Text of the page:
Rail accident fatalities in the EU
Data from January 2020
Planned article update: January 2021
In 2018, there were 1 721 significant railway accidents in the EU, with a total of 885 fatalities and 760 persons seriously injured.
There were 571 fewer significant railway accidents in 2018 compared with 2010, a reduction of 25 %.
In 2018, almost two thirds of fatalities from railway accidents in the EU involved unauthorised persons on the tracks (64 %) and around a third occurred at level crossings (29 %).
Number of injured persons in railway accidents in the EU, by category of person, 2010-2018
In 2018, 1 721 significant railway accidents were reported in the EU-28. A total of 885 persons were killed in these accidents, while another 760 persons were seriously injured. At EU level, the number of fatalities in railway accidents decreased gradually from 1 270 in 2010 to 885 in 2018.
Suicides occurring on the railways are reported separately. With 2 637 reported cases in 2018, suicides outnumber the victims accounted for by railway accidents.
Eurostat publishes data collected by the European Railway Agency (ERA) in Eurobase. This information is also published by ERA.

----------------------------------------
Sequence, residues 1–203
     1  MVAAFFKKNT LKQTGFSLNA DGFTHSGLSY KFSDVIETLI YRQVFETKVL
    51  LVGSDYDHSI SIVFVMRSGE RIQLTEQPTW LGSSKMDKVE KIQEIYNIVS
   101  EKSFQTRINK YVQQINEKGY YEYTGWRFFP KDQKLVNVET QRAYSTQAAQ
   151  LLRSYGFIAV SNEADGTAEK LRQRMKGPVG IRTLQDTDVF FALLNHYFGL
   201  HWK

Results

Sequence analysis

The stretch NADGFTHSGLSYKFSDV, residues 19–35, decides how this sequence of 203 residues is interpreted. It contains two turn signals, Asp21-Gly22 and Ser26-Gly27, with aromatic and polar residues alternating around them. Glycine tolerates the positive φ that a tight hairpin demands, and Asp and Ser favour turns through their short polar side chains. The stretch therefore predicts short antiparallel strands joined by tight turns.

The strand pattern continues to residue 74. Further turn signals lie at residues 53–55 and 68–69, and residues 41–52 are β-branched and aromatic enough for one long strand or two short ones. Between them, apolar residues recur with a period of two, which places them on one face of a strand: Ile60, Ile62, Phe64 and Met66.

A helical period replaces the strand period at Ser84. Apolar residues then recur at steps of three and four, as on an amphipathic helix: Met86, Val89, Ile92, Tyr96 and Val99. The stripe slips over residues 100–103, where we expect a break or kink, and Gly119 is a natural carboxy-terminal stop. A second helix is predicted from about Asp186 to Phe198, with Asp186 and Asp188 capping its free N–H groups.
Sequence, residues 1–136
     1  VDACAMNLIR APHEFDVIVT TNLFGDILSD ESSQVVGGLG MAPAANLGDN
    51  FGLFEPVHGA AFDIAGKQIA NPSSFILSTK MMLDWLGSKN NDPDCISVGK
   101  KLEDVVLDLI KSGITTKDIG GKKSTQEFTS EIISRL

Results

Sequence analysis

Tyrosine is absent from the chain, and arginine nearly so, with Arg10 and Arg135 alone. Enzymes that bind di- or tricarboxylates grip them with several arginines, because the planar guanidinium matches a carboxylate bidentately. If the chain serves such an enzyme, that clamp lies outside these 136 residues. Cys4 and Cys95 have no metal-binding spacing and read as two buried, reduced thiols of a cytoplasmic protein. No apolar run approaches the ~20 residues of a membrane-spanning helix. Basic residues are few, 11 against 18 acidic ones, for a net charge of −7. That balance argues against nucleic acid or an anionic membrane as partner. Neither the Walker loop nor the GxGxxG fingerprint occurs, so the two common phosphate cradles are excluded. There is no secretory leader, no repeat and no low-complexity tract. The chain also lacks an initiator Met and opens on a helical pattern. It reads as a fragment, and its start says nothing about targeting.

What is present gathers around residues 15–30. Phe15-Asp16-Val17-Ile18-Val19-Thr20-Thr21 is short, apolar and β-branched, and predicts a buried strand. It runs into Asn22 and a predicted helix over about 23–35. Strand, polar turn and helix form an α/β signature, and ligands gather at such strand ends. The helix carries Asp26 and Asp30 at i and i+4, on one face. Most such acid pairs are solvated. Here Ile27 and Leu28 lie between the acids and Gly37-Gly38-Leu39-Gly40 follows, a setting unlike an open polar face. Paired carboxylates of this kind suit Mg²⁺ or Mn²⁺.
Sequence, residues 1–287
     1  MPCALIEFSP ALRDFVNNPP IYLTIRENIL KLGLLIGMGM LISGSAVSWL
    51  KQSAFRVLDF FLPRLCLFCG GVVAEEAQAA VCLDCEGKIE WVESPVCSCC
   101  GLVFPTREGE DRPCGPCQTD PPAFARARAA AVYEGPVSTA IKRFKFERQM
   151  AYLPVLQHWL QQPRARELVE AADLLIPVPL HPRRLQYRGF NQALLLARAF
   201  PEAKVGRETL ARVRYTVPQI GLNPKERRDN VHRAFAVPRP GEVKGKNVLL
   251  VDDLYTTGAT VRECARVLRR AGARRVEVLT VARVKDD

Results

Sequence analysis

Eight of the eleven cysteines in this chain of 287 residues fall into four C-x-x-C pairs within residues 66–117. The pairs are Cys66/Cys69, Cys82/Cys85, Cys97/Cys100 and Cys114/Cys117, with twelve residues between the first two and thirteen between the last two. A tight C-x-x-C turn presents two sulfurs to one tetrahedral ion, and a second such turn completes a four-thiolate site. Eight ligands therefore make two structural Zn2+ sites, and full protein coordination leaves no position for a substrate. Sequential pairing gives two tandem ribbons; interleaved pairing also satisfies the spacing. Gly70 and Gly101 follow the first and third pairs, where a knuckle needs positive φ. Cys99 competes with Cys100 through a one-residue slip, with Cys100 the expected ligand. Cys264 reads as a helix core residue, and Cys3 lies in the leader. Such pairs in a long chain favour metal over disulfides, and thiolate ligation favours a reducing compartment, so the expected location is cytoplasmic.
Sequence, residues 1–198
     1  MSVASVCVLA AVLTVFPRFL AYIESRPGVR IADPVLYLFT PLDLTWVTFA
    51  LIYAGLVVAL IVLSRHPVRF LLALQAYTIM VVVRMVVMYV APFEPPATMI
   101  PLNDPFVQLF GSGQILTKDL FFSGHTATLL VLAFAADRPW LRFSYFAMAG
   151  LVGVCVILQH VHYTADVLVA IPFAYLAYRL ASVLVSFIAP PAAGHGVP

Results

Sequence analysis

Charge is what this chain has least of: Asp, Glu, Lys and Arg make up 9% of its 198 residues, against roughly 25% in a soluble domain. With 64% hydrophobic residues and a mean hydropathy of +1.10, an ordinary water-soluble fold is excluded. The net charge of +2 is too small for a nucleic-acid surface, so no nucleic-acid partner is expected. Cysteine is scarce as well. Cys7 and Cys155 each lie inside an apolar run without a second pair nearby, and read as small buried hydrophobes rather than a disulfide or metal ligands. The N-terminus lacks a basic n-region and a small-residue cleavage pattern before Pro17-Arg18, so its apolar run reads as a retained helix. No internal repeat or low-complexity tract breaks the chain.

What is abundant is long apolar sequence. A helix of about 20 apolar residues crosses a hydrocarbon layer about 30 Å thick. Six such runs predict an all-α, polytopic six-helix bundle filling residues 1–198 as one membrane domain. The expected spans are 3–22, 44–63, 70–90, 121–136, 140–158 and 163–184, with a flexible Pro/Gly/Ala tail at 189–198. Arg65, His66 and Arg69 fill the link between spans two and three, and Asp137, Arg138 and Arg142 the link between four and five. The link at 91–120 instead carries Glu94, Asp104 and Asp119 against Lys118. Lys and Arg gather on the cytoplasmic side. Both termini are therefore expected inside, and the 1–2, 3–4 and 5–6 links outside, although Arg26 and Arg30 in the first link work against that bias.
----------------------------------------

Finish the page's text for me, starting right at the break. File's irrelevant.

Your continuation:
Fall in the number of railway accidents
6.9 % fewer railway accidents in the EU-28 in 2018 compared to 2017
The number of significant railway accidents fell between 2010 and 2018, with the exception of two increases in 2014 and 2017. In 2018, the number of accidents decreased by 127 accidents compared to 2017, to a total of 1 721 accidents (-6.9 %) (Figure 1).Railway safety has generally improved in the EU, with 571 fewer accidents in 2018 compared to 2010, a reduction of 24.9 %. In 2015, the decrease compared with the previous year was particularly marked (-13.1 %). In 2017, however, the number of significant accidents was slightly above the level of 2015. The decrease in accidents from 2017 to 2018 did not concern all accident categories: while the number of level crossing accidents (-19 accidents), derailments (-23 accidents), accidents to persons by rolling stock in motion (excl. suicides) (-100 accidents) and other significant railway accidents (-6 accidents) all decreased in 2018 compared to 2017, the number of collisions (+6 accidents) and fires in rolling stock (+15 accidents) increased.